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    ABSTRACT: PTEN mutations are the most common genetic alterations in endometrial cancer. Loss of PTEN and subsequent AKT activation stimulate ERα-dependent pathways that play an important role in endometrial tumorigenesis. The major pathologic phenomenon of endometrial cancer is the loss of ovarian steroid hormone control over uterine epithelial cell proliferation and apoptosis. However, the precise mechanism of PTEN/AKT signaling in endometrial cancer remains poorly understood. The progesterone signaling mediator MIG-6 suppresses estrogen signaling and it has been implicated previously as a tumor suppressor in endometrial cancer. In this study, we show that MIG-6 also acts as a tumor suppressor in endometrial cancers associated with PTEN deficiency. Transgenic mice where Mig-6 was overexpressed in PR-expressing cells exhibited a relative reduction in uterine tumorigenesis caused by Pten deficiency. ERK1/2 was phosphorylated in uterine tumors and administration of an ERK1/2 inhibitor suppressed cancer progression in PRcre/+Ptenf/f mice. In clinical specimens of endometrial cancer, MIG-6 expression correlated inversely with ERK1/2 phosphorylation during progression. Taken together, our findings suggest that Mig-6 regulates ERK1/2 phosphorylation and that it is crucial for progression of PTEN-mutant endometrial cancers, providing a mechanistic rationale for the evaluation of ERK1/2 inhibitors as a therapeutic treatment in human endometrial cancer.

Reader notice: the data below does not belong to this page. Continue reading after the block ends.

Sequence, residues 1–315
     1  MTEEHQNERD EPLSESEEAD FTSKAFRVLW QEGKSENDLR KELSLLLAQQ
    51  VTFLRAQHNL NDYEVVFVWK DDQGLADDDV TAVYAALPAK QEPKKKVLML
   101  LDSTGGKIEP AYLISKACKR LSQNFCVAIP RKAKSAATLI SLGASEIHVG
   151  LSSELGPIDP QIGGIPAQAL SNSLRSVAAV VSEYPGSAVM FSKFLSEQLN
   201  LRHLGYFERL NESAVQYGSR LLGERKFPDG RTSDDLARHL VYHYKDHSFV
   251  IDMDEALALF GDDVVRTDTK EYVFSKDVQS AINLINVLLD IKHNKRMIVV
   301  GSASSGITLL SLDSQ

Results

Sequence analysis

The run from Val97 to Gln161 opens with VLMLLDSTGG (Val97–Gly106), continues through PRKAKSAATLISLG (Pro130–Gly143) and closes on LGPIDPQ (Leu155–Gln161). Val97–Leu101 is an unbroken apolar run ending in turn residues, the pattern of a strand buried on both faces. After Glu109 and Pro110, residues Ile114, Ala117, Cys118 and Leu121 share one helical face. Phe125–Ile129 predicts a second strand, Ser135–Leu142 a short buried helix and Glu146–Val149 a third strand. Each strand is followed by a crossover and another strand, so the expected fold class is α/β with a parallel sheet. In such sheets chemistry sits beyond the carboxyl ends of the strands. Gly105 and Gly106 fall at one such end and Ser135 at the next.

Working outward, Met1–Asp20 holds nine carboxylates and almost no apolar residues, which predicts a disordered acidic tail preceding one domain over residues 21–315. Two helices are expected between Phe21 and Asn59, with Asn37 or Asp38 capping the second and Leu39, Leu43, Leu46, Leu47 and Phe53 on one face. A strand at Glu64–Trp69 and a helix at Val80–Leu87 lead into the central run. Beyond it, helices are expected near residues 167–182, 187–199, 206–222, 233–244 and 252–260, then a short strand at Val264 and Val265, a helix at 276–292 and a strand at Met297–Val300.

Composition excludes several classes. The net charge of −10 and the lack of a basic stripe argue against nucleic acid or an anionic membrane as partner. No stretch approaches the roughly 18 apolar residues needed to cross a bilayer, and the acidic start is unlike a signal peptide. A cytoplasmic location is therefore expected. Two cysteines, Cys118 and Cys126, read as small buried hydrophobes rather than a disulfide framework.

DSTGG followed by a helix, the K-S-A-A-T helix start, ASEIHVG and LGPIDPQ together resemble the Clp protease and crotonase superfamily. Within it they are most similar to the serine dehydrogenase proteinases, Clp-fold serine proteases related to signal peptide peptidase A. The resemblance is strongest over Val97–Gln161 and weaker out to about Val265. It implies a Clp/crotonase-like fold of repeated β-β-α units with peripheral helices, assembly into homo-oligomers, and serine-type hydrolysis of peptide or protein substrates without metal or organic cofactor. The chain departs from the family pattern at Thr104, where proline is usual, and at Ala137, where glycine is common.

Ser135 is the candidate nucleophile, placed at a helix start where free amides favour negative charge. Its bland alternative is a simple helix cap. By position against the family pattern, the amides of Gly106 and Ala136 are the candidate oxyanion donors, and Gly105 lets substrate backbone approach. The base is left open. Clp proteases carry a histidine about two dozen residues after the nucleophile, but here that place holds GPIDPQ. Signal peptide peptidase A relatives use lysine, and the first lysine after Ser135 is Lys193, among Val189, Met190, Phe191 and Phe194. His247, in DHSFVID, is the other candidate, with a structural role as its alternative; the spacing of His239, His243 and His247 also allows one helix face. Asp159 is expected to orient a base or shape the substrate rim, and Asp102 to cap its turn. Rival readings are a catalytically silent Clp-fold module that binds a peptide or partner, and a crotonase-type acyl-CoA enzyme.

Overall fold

Cancer Research 11/2014; 74(24). DOI:10.1158/0008-5472.CAN-14-0794 · 9.28 Impact Factor
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    ABSTRACT: Lower abdominal soft tissue transfer is the standard procedure for breast reconstruction. However, abdominal wall weakness and herniation commonly occur postoperatively at the donor site. To reduce the morbidities of the donor site, the superficial inferior epigastric artery (SIEA) flap was introduced, but inconsistent anatomy of the SIEA has reduced its utility. In the present study, the anatomy of the superficial inferior epigastric vessels in Korean women was determined with regards to breast reconstructive surgery.
    11/2014; 41(6):702-8. DOI:10.5999/aps.2014.41.6.702
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Publication Stats

6k Citations
976.04 Total Impact Points

Institutions

  • 2012–2015
    • Michigan State University
      • Department of Obstetrics, Gynecology, and Reproductive Biology
      Ист-Лансинг, Michigan, United States
    • National Cancer Center Korea
      • Specific Organs Cancer Branch
      Kōyō, Gyeonggi Province, South Korea
  • 2009–2015
    • Daegu Haany University
      Daikyū, Daegu, South Korea
    • Yonsei University Hospital
      • Department of Internal Medicine
      Sŏul, Seoul, South Korea
    • University of Massachusetts Boston
      Boston, Massachusetts, United States
    • Yale University
      • School of Medicine
      New Haven, Connecticut, United States
    • Pukyong National University
      Tsau-liang-hai, Busan, South Korea
  • 1999–2015
    • Korea University
      • • College of Medicine
      • • Department of Chemistry
      Sŏul, Seoul, South Korea
  • 2014